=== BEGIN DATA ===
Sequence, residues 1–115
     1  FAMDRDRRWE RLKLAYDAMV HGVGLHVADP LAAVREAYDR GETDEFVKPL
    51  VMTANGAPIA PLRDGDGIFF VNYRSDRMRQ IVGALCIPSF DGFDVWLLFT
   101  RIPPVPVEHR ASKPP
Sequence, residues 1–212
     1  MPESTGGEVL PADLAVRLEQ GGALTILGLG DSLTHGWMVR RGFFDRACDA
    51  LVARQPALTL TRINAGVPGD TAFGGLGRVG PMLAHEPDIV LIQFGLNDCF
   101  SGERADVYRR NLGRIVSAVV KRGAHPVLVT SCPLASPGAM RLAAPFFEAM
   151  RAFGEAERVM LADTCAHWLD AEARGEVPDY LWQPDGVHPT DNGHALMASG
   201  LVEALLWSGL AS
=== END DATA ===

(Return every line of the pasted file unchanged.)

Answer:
Sequence, residues 1–115
     1  FAMDRDRRWE RLKLAYDAMV HGVGLHVADP LAAVREAYDR GETDEFVKPL
    51  VMTANGAPIA PLRDGDGIFF VNYRSDRMRQ IVGALCIPSF DGFDVWLLFT
   101  RIPPVPVEHR ASKPP
Sequence, residues 1–212
     1  MPESTGGEVL PADLAVRLEQ GGALTILGLG DSLTHGWMVR RGFFDRACDA
    51  LVARQPALTL TRINAGVPGD TAFGGLGRVG PMLAHEPDIV LIQFGLNDCF
   101  SGERADVYRR NLGRIVSAVV KRGAHPVLVT SCPLASPGAM RLAAPFFEAM
   151  RAFGEAERVM LADTCAHWLD AEARGEVPDY LWQPDGVHPT DNGHALMASG
   201  LVEALLWSGL AS